• Calories: 76.8
  • Total fat: 3.74 grams
  • Cholesterol: 9.6 milligrams
  • Sodium: 1,470 milligrams
  • Total carbohydrates: 5.45 grams
  • Dietary fiber: 0.96 grams
  • Sugars: 1.99 grams
  • Protein: 6 grams

Miso nutrition information

One tablespoon, or 17 grams, of miso contains the following:

  • Calories: 33.7
  • Total fat: 1.02 grams
  • Cholesterol: 0 milligrams
  • Sodium: 634 milligrams
  • Total carbohydrates: 4.32 grams
  • Dietary fiber: 0.918 grams
  • Sugars: 1.05 grams
  • Protein: 2.18 grams

Miso and miso soup are also excellent sources of:

You can also find other nutrients in miso soup, including calcium, iron, B vitamins, and magnesium.

Sodium levels can vary for miso paste and packaged miso soups. Read the label before buying and choose one that's lowest in sodium if you're on a low-salt diet.

Miso is a rich source of vitamins and minerals, as well as probiotics, known as the gut's "good bacteria." Much of the potential health benefits of miso paste are because of the fermentation process used to make it.

Soybeans, used to make miso paste, are also rich in protein and other important nutrients that contribute to a healthy diet.

Research has found a number of potential health benefits to consuming miso, including:

Healthier digestive system

Miso soup contains prebiotics and probiotics, which may contribute to improved gut health. Miso soup contains the prebiotic A. oryzae. In mouse studies, A. oryzae has been shown to reduce the risk of colitis.

The effect of miso consumption on gastrointestinal disorders in humans is less clear. One study of self-reported dietary habits of people in Japan found those who consume miso soup more often had lower levels of gastrointestinal problems, including dyspepsia, or indigestion, and gastroesophageal reflux disease.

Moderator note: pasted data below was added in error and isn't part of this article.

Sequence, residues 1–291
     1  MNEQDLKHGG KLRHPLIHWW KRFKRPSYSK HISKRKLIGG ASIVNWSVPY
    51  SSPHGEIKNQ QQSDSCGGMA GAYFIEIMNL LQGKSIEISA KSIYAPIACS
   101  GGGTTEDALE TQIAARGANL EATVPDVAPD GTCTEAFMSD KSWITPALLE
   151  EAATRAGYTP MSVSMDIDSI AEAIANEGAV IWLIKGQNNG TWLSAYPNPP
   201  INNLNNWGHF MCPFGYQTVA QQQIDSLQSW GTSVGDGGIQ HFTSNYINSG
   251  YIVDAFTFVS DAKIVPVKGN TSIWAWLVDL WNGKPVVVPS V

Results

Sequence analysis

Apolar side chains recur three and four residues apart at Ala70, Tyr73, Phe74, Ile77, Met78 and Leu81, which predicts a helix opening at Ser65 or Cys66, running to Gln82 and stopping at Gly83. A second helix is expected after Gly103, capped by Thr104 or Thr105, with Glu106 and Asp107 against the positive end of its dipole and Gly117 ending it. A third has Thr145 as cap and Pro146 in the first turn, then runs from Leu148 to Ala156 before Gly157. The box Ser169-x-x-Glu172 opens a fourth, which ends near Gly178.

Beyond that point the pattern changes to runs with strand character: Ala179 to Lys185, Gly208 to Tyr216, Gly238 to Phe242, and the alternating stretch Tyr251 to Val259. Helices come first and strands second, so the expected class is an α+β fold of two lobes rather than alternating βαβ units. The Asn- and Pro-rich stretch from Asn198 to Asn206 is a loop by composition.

Another study found people in their 60s and older who ate miso soup every day reported fewer stomach problems.

Reduced risk of heart disease

There may be a link between isoflavones, a type of chemical found in the soybeans used to make miso, and lowered risk of heart problems, though the research is still preliminary. One study showed that higher levels of these isoflavones correlated with lower risk of strokes and heart attacks in some Japanese women.

A meta-analysis and systematic review of studies found that consuming soy products, especially tofu and natto (a salt-free fermented bean product) was associated with a lower risk of type 2 diabetes and cardiovascular events, including a stroke. However, this risk reduction did not apply to consuming miso. That's because miso paste can often contain higher levels of sodium than tofu and natto.

Soy contains beneficial plant components including lecithin, isoflavones, stigmasterol, and soy protein peptides. These may help improve lipid profiles, reducing blood cholesterol and triglycerides, which in turn lowers the risk of heart disease.

Reduced risk of cancer

Consuming more soy and soy isoflavones is associated with a lower risk of overall cancer. That's according to a meta-analysis of cohort studies on soy consumption but not specific to miso intake.

One study showed that regular consumption of soybeans was linked with a lower risk of stomach cancer, particularly among women. But these findings may not translate to miso and miso soup. One study shows no link between miso soup intake and the risk of various types of cancer. And another study shows frequent miso consumption is linked to a raised risk of stomach cancer in Japanese men.